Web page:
While we still have some beets, carrots and chard in our own garden, I joined Farmer Georgie’s CSA at Willowood Farm. By supporting this farmer’s fare, I figured not only would we be well supplied in local veggies for the rest of the year but perhaps I could learn more about what grows well here. I want to learn how I can better rotate our own garden, so this winter CSA is just a little education, and a tasty one.
Our first box was for Thanksgiving and it was filled with beautiful Brussels sprouts, greens, carrots and more. Each box also provides a different dried bean: Vermont Cranberry, Black Turtle, and Teggia to name a few and almost more veggies the two of us can consume. But with fall come squash and root veggies which also have a longer shelf life, so waste is less likely.
As this was the first year we had our garden, I chose not to participate in Prairie Bottom Farm’s CSA which was a mistake as we didn’t have veggies come up for a while. We did supplement with what was available at the farmer’s market, but there’s something about driving out to the farm to pick up your locally grown vegetables for the week. Sometimes you chat with other share holders or the farmer’s themselves and that strengthens the feeling of community and for me, reminds me why leaving the city was the right move for us.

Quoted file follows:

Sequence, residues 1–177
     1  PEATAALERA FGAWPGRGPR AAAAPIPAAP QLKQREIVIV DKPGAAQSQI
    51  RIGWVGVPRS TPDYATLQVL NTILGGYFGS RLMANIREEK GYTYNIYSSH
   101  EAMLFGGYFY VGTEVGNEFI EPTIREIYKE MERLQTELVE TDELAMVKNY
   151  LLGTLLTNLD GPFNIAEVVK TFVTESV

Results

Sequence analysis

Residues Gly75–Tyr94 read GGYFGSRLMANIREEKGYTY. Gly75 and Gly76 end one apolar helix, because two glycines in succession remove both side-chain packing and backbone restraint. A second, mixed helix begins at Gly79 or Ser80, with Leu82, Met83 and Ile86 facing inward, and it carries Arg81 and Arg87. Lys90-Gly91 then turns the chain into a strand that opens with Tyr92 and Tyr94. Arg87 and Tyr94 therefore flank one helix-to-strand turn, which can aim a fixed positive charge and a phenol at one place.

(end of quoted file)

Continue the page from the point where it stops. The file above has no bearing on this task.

Being part of a CSA also makes cooking more impromptu. I used to be a stickler for planning a menu and shopping each week for the necessary items. Now I wait to see what is in our garden or in our CSA box and plan from there. We find ourselves spending less time in the grocery store and more time outside which is a bonus.
And let’s face it, who the hell enjoys that weekly grocery store run? No one, my friend, no one.
This morning I woke up to my husband’s impromptu meal: a beautiful breakfast salad with lettuce from Willowood Farm, eggs from our own chickens and bacon from Ferndale, not far north of here.
Lessons in eating seasonally and locally are so delicious.